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Building the right culture for a new landscape

In his book, “FLEX: A Leader’s Guide to Staying Nimble and Mastering Transformative Change in the American Workplace,” workplace trends expert Rick Grimaldi presents a real-world guide to harnessing the power of change. With 30-plus years working with large and small companies, Grimaldi’s blueprint centers on how employers can successfully navigate the immense changes and challenges that occur in today’s ever-shifting workplace environment.

That Grimaldi started writing his book before a pandemic forever changed how we view the workplace landscape places him a little ahead of the curve on thought leadership. Grimaldi’s premise is simple: to increase employee satisfaction and secure long-term success in the marketplace, he believes it is more critical than ever to understand how trends shape tomorrow’s labor force. And sure, while the pandemic forced businesses everywhere to react to the now, laying the groundwork for adaptation is paramount. Among other things, that involves using creative solutions for recruiting, engaging and retention.

“Today’s workplace is a patchwork quilt, as we face the new world of hybrid remote work, societal changes and incredible technological advances,” says Grimaldi, co-principal of Fisher Phillips Government Relations subsidiary, FP Advocacy. “Obviously, the biggest change over the last 15 months is where employees do their jobs. Remote work in some fashion is here to stay.”

“Leaders and businesses that flex recognize the key to getting everyone on the same page is to have them feel invested in the workplace.”
— Rick Grimaldi, Co-Principal, FP Advocacy

Grimaldi believes the key to success will be forward-thinking leaders who focus on what potential employees want. Today’s job candidates want to see a workplace that reflects the cultural norms they have come to know. This means building in rules and systems that remove inherent bias and promote healthy, flexible workplaces where diversity can thrive by embracing a multitude of genders, races, sexual orientations, religions and disabilities. Stay nimble, flex and embrace not only the disruption of the pandemic, but the inevitable and rapid change that is still to come, and the market will reward you.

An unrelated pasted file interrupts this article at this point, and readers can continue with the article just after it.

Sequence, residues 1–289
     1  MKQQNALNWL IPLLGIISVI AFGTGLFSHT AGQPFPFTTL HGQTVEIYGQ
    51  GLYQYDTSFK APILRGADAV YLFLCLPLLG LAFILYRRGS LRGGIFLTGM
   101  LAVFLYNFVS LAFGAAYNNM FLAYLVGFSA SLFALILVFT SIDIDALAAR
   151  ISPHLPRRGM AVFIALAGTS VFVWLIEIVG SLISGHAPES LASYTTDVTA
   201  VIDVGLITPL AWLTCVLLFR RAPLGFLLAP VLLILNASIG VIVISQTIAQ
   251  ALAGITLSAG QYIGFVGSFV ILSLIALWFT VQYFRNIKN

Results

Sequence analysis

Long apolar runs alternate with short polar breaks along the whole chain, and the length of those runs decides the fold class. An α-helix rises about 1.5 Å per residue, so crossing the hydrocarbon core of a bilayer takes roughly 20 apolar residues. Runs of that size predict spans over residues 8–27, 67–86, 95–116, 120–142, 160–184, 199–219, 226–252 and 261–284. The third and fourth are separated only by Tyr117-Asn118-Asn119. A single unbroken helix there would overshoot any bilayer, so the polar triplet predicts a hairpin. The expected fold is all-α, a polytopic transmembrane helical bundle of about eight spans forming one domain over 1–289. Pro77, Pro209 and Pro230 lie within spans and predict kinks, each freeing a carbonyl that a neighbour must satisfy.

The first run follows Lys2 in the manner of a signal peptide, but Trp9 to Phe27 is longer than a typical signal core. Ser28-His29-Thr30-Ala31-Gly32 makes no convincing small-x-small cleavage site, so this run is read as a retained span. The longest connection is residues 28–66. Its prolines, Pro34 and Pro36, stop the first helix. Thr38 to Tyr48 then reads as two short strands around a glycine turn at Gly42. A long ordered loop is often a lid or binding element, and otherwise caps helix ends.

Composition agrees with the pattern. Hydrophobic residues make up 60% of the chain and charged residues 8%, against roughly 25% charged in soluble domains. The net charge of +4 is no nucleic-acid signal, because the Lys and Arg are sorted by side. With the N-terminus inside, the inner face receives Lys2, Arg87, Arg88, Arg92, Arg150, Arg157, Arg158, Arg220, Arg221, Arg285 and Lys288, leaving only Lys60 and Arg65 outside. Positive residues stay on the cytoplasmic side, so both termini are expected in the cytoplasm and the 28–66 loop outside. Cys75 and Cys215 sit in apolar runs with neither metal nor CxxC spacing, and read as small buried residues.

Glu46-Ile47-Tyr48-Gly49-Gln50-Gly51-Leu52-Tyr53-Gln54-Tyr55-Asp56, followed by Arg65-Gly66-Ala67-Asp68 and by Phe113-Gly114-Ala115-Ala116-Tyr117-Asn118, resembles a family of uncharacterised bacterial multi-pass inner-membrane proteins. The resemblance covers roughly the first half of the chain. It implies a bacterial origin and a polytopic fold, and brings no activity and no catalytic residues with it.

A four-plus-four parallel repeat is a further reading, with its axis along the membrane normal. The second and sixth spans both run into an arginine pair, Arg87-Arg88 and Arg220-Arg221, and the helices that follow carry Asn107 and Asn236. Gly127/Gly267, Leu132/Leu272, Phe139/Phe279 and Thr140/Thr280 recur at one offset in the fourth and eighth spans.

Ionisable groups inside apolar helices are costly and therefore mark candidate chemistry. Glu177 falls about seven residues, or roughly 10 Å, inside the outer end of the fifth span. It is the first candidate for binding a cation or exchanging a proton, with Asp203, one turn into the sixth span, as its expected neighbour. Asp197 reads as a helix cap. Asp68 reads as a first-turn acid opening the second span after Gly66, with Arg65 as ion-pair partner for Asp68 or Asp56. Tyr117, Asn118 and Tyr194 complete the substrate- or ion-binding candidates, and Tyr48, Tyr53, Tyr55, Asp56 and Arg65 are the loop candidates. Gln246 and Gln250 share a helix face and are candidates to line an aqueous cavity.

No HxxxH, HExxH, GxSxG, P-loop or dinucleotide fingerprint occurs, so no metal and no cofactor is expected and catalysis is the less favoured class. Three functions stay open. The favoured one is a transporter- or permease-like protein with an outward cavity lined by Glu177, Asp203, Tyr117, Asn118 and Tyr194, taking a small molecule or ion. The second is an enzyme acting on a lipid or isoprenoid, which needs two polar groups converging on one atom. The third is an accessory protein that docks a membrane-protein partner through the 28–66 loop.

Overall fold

“Leaders and businesses that flex recognize the key to getting everyone on the same page is to have them feel invested in the workplace,” Grimaldi says. “This can occur through mentoring between more seasoned and less experienced teammates and by constantly providing a seat at the table. The old command and control workplace is gone in favor of active input from all levels of an organization. It is incredibly important to practice mindfulness in the work environment.”

Creating your company’s Zen

When employers gaze out at today’s unpredictable business climate—one that already has shown its cards in the form of a game-changing global pandemic—if they don’t have a sound game plan and flexibility, they run the risk of being left behind. It is as simple as that.

Think of it as a football team that seemingly has crafted the perfect game plan, only to see it have to be adjusted to the frequent changes that happen during the course of a game. In the throes of those seen and oftentimes unforeseen changes, how fast can your company adapt?

The question is one that Jared Rosenthal has asked from time to time. In 2010, Rosenthal purchased a used RV and launched Health Street, a mobile drug testing and DNA testing company. In those early days, he drove his truck around with the logo of a cup of urine on the side of it. People started calling the vehicle the pee-mobile and complained every time he parked near their building. Lesson learned.